Just as we were finishing our second load, the shear pin connecting the Wisconsin engine to the baler severed with a loud bang, and I watched as their father threw the mechanical clutch, replaced the pin with the engine still running, and then started the baler again.

Most balers have a shear pin somewhere, in case a big rock or piece of iron is encountered in the windrow. It's easier to replace a small pin than it is to repair the damage to the baler mechanism.

That old Wisconsin must truly be hard to start, though, to require the pin be replaced with the engine running. I think I would have shut it down, even if only to have a minute's peace in the hayfield while I switched out the broken shear pin.

A starter motor would be nice.

Back home with the last of the bales at about five-thirty, I struggled to get them into the barn attic by myself. The hay door is eight feet off the ground, and having already loaded and unloaded a hundred bales, I was pretty tired. The bales were a good solid forty pounds each, and some were much more. I managed to get half the load in the attic. The rest was temporarily stashed on the ground floor.

But that was that: The hay was in, safe, out of the weather. The important part was done. This was a nice bit of good luck.

Of the several big farm jobs each year: shearing, firewood, hay, all but one are done now. I've made a start on firewood, but I still need three more cords.

Aimee will have to help me get the rest of the hay up to the attic this weekend sometime.

Despite the fact that we will have to move some of this hay later, this was still the most efficient hay-day we've had since we bought the farm.

Thanks to some good weather and a very young Amish farmer.

Wouldn't it be nice if all youngsters were as helpful and as productively engaged?

Sunday, June 19, 2011

Rose by name

This is a quiet weekend around the farm. Aimee is off to a conference in New Mexico, although not near the brush fires, but at the other end of the state. I have a long to-do list, but with a busy week ahead, I'm not working very far down it.

The sheep went onto the New Paddock this morning, while I cut some firewood out of their main enclosure, the Back Forty. That left a bunch of ash and birch branches with lots of delectable leaves on the ground, so I was sure to let them back in as soon as I was done with my trailer load of wood so they could chow down.

Then it was time for a hoe-down. With only one of us here since Tuesday, the garden had been neglected most of the week. It took a good couple hours with the scuffle hoe to get it back in shape.

The potatoes, onions, and Aimee's lettuce are all doing fine, but the tomatoes haven't really gotten going yet. The nights haven't been that warm. Tomatoes won't really get a move on until the nights exceed 60 F.

That should come soon, with the advent of July.

Here's one of my favorite garden plants, the Rosa rugosa outside our front door.

I think it's actually two different bushes because there are both white and pink flowers.

Either way, it's pretty. I love roses, and hope to have quite a few more one day.

Our peace and serenity was shattered when the phone rang this afternoon, and a lady with a pronounced southern accent was on the other end of the line.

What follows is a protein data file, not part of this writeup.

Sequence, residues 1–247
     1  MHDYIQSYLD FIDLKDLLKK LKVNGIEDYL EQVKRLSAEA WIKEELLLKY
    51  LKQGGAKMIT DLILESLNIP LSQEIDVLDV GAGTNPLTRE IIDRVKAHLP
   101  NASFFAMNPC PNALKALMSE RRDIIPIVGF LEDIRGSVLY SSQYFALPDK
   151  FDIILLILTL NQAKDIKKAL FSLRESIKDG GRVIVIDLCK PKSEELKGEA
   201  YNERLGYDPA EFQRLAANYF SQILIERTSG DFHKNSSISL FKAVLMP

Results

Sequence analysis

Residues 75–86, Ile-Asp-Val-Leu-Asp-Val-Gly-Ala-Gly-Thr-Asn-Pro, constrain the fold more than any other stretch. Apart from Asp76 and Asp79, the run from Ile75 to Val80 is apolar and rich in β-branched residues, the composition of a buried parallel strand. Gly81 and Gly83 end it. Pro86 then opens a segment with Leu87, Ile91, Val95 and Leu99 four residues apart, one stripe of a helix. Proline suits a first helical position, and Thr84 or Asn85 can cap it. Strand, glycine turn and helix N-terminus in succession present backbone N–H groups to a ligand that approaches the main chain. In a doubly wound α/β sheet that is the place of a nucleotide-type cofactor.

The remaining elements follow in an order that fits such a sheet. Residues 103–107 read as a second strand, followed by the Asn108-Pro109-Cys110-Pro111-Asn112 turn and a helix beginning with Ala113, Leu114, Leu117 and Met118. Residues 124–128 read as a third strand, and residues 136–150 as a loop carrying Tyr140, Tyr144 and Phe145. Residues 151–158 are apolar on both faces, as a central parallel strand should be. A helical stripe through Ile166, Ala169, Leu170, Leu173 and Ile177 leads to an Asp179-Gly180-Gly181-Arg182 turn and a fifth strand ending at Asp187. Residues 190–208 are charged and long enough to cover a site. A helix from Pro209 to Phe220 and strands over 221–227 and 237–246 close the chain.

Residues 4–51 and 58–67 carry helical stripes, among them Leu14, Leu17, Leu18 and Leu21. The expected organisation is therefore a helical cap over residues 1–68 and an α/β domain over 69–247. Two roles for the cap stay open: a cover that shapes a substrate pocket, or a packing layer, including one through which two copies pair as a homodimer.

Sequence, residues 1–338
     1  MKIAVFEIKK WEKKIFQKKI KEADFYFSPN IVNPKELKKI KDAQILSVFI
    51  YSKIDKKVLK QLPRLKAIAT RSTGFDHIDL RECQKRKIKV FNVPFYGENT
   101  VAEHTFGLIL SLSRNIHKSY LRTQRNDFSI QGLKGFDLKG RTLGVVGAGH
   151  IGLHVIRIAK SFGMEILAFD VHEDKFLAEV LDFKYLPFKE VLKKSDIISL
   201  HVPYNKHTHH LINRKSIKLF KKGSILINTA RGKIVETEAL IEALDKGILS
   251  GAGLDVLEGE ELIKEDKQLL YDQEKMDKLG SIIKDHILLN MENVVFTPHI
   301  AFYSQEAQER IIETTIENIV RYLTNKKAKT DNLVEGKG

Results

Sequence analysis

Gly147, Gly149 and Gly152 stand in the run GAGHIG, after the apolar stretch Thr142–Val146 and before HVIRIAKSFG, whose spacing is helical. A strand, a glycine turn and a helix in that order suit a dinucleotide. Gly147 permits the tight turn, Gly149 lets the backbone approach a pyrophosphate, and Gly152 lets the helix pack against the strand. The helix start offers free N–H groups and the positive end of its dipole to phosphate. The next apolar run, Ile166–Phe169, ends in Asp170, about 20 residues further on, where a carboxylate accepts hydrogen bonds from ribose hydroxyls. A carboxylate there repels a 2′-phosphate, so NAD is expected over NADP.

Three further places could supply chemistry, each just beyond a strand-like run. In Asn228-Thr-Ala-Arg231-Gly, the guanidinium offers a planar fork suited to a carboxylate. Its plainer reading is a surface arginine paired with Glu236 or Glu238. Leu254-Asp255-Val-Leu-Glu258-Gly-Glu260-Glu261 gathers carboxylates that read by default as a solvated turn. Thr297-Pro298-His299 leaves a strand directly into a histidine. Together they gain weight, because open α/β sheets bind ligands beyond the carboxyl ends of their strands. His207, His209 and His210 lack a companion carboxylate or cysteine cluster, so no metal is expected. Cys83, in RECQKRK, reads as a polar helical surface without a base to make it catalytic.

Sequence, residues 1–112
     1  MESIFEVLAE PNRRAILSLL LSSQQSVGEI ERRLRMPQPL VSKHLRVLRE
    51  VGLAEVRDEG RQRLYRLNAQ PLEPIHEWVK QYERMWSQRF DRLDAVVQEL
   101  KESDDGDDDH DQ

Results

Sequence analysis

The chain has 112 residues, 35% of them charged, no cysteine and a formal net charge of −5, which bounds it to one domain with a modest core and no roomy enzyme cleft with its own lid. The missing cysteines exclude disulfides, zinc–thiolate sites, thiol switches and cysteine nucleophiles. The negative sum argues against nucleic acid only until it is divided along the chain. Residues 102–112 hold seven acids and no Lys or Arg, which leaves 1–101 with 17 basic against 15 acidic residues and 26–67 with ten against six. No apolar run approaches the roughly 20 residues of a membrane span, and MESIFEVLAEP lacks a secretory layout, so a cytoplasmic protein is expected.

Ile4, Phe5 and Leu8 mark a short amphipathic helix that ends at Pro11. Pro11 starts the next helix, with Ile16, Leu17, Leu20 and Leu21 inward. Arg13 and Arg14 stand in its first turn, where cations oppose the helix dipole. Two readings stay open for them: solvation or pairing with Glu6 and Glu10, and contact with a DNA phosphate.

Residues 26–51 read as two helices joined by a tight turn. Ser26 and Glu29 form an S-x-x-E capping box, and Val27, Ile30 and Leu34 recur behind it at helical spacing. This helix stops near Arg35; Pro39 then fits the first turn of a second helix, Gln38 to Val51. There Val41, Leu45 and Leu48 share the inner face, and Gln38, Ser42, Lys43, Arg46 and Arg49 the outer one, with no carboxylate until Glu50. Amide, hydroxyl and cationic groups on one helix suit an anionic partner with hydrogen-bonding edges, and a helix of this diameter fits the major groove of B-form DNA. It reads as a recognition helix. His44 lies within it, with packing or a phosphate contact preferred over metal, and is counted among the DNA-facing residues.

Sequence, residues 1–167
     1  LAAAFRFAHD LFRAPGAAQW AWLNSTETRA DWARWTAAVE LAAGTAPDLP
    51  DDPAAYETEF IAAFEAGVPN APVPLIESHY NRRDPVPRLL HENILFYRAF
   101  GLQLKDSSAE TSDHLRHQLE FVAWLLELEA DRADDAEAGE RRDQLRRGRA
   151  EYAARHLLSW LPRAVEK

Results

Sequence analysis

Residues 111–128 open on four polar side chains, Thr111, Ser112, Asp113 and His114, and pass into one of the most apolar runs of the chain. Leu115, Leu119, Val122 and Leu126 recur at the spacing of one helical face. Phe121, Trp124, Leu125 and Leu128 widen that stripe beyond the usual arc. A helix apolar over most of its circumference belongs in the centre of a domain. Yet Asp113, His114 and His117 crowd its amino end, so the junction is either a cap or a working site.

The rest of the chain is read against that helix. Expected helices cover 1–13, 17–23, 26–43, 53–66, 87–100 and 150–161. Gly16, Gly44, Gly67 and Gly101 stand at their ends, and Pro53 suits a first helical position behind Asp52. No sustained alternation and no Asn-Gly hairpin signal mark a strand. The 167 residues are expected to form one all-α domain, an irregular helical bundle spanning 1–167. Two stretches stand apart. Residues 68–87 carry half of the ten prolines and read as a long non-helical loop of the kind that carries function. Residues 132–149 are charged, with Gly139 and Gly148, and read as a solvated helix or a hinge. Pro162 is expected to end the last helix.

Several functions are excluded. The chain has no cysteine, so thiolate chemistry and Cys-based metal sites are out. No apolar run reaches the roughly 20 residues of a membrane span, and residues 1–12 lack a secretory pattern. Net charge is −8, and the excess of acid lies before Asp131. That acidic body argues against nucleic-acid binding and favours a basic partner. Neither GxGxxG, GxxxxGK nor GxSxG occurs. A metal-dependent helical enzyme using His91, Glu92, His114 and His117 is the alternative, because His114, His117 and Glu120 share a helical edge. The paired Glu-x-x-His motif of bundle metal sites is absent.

She wanted to know if our surplus ewes were still for sale, and if so how much did they weigh and how much meat could she expect to get off one?

At least I thought that was what she said. Like I said, she had a thick accent. I don't always understand southerners that well, whether British or American ones.

We do have an ad on Craig's List and on the Maine Sheep Breeder's Association web page, for several of our two and one-year old ewes. We have too many sheep for overwintering, and would like to part out our flock.

I explained fairly gruffly (I'd been woken from a nap) that they were not for sale except for breeding purposes. She was disappointed and whiny. I hung up on her.

A few minutes later the phone rang again. The same voice on the other end wanted to know, right off the bat, if our ewes were "for sale for meat, since the last guy she spoke to wouldn't sell her any."

I explained as patiently as I could that I was the same guy.

"Well, what're you doing with two phones then?"

I was too dumbfounded to hang up again.

Finally, I told her to read the ad, where it says clearly, "Animals will be sold to well-managed farms only, for breeding purposes only, not for meat or lawn ornaments."

Then I hung up.

There are two reasonable explanations for this telephonic visitation:

1) This was a crank call, and someone is winding me up, or

2) This was a really stupid person.

Monday, June 13, 2011

Living the (not so) simple life

It took me three days, working on and off, to get into proper shape to start the firewood chore for the year. I was able to replace the bottom of the wall easily enough, but I decided I needed to repaint the whole wall, and that was when I found that the soffit was rotting out quite badly behind the guttering.

I though I was being pretty smart when I put up that piece of guttering to keep the rain off the wood pile, but it looks like the rain managed to get behind the gutter and ran into the soffit, and so a whole length of soffit board and faceboard had to be wrecked out, replaced, primed, and painted.

Then the gutter was refitted, set up a good deal higher, right under the drip edge.

This time I used caulking to seal the gutter to the drip edge.

This wasn't such a lot of work in any given step, but it was a lot of steps.